A Black woman once sued her enslaver and won in front of an all-white jury.
Her story is one of the few victories in the history of reparations in America.
There has been more vocal support for reparations in recent years, but little action.
Henrietta Wood was born into slavery to the Tousey family in Kentucky between 1818 and 1820. About a decade later, she was sold for $700 to a merchant, Henry Forsyth, in Louisville. According to some reports, the Louisville merchant physically and mentally abused her.
For debt reasons, Wood was sold again as a teenager to a French immigrant, William Cirode, between 1835 and 1848 in New Orleans, where she worked as a housemaid. When Cirode abandoned his family due to legal issues, his wife, Jane, moved back to Cincinnati, where she rented out Wood as a domestic servant.
Fearing debt collectors, Jane Cirode declared Wood free at an Ohio courthouse in 1848. This legally meant Wood could work as a free Black woman. She remembered that period of her life as a "sweet taste of liberty."
But freedom was short-lived. Five years later, Zebulon Ward, a Kentuckian deputy sheriff who Cirode's daughter and son-in-law, Josephine and Robert White, hired to capture Wood in Kentucky, kidnapped her. Wood was once again enslaved "illegally" for 16 years through the Civil War.
A historic win
Following Wood's return to Cincinnati in 1870, she sued Ward for $20,000 in damages and lost wages, estimating that her cost of labor was worth $500 for every year she was enslaved.
Though she faced many hurdles, Wood ultimately won her case eight years after filing the lawsuit. In 1878, an all-white jury voted in Wood's favor, a historic victory in the history of reparations.
But Ward was ordered to pay only $2,500 — a fraction of the original amount Wood requested, yet still the largest sum a US court had ever awarded for reparations. What was $2,500 in 1878 would be worth over $75,000 today.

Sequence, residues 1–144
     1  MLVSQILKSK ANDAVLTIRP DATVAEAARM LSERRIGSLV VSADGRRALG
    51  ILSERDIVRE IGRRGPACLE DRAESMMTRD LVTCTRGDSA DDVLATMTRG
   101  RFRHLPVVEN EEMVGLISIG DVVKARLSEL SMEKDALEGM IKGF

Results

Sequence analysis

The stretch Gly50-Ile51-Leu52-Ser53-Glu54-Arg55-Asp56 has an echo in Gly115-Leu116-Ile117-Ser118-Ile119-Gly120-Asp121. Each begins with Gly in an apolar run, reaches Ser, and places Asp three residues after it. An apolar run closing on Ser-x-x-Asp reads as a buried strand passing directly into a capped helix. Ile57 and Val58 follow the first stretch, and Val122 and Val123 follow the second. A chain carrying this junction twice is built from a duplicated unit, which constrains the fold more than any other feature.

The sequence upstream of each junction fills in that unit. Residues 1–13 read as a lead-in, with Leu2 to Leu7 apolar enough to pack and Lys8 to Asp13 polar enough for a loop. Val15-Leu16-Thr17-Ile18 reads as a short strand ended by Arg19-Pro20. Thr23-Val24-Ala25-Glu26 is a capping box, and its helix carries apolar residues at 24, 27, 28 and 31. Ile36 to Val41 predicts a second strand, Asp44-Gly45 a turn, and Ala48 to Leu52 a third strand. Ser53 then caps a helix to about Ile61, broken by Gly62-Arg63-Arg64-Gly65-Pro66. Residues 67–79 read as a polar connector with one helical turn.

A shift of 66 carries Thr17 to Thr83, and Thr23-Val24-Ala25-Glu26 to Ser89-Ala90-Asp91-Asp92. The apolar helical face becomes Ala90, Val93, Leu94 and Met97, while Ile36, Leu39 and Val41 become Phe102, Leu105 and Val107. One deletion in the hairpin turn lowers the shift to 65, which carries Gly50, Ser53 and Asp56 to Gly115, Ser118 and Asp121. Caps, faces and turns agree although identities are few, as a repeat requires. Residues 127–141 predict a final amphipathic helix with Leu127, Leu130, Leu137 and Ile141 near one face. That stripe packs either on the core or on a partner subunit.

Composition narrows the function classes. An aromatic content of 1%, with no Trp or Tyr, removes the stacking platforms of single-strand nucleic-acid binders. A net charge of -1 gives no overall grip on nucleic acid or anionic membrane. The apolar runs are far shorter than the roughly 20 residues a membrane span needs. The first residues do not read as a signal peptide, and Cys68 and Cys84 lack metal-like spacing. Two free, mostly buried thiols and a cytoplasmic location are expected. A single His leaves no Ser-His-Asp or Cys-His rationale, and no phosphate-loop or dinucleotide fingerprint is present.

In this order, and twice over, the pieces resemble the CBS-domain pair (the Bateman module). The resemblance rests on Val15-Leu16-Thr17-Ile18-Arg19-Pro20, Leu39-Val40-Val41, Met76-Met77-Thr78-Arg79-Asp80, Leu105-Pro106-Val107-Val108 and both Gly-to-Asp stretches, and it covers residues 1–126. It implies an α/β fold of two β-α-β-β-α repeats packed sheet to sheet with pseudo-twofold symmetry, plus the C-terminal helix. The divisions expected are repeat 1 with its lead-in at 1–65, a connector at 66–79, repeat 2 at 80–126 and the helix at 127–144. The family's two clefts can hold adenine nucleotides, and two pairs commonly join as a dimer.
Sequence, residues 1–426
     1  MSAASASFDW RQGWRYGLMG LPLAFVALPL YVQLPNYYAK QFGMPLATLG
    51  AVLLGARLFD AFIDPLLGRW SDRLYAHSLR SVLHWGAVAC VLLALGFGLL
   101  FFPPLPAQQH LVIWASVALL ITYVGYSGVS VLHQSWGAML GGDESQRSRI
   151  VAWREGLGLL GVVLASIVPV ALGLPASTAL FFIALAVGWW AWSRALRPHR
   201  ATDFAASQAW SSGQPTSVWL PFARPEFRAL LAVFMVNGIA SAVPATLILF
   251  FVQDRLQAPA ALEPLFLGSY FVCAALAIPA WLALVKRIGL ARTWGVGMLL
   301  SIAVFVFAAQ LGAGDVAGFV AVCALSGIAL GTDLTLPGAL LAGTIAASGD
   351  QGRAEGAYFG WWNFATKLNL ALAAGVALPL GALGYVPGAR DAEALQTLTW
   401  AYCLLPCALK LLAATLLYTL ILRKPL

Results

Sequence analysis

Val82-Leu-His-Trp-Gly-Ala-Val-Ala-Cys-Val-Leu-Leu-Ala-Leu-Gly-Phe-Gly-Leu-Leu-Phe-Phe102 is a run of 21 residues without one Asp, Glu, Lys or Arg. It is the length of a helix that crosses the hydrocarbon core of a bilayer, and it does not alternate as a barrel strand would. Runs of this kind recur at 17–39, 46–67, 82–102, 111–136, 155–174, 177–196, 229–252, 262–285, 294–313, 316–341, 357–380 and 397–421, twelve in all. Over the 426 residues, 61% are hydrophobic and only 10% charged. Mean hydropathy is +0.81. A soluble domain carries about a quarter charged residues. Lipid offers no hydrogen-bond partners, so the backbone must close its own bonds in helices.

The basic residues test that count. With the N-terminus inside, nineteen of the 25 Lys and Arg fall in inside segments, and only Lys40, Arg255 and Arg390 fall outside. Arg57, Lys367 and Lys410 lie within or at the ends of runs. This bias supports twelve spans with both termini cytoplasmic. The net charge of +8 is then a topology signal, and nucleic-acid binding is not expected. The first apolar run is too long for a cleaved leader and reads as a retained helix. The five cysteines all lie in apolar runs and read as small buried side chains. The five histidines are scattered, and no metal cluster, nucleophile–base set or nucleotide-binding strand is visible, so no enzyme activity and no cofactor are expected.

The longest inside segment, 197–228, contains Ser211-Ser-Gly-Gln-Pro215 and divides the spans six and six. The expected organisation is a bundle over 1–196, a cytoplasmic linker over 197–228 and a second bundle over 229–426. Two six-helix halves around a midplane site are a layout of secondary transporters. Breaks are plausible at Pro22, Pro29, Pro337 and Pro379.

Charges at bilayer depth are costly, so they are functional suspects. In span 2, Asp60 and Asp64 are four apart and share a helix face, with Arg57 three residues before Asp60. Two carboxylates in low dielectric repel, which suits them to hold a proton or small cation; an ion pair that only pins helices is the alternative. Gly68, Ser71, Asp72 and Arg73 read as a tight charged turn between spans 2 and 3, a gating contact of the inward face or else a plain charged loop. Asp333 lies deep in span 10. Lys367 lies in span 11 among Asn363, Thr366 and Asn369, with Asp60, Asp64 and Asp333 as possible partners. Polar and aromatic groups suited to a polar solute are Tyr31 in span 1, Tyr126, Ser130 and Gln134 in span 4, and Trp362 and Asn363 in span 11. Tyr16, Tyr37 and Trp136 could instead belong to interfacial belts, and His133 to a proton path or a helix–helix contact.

Hope for a better future
Wood died in Chicago in 1912. Her story is one of the few victories in the history of reparations in America.
In an April 1878 article about Wood's lawsuit, The New York Times suggested that more formerly enslaved Americans may ask for reparations. "The United States Government may be asked to make good the loss of those whose property was suddenly clothed with the right of manhood," The Times wrote. "But who will recompense the millions of men and women for the years of liberty of which they have been defrauded? Who will make good to the thousands of kidnapped freemen the agony, distress, and bondage of a lifetime?"
Wood used the money from the lawsuit to move to Chicago with her son. The money helped him buy a home and attend college. In 1889, Wood's son became one of the first Black men to graduate from what would later become Northwestern University's School of Law.
In his book, "Sweet Taste of Liberty: A True Story of Slavery and Restitution," W. Caleb McDaniel, a professor at Rice University, wrote that Wood's case stood as proof of the lasting impact reparations could have: "It was about what former slaves were owed … as well about the real differences restitution could make."
Danielle Blackman, a descendant of Wood, told the Seattle Times that Wood's story inspired her to pursue college and, in the face of racial discrimination, to always "find a way or invent a way to make it work, even if we had to wait it out."
The fight for reparations
In 2008 and 2009, the Senate and the House of Representatives issued unprecedented apologies for slavery and Jim Crow laws but did not pass any joint bill for reparations.
"Whereas it is important for this country, which legally recognized slavery through its Constitution and its laws, to make a formal apology for slavery and for its successor, Jim Crow, so that it can move forward and seek reconciliation, justice, and harmony for all of its citizens," Democratic Rep. Steve Cohen of Tennessee wrote in the resolution.
While there has been more vocal support for reparations in recent years, and individual states have instituted their own reparations committees, federal efforts have stalled.
Last May, Democratic Rep. Cori Bush proposed Reparations Now, legislation that would push the federal government to provide reparations to the descendants of enslaved people.
"Black people in our country cannot wait any longer for our government to begin addressing each and every one of the extraordinary bits of harm it has caused since its founding, that it continues to perpetuate each and every day all across our communities all across this country," Bush said during a press conference.
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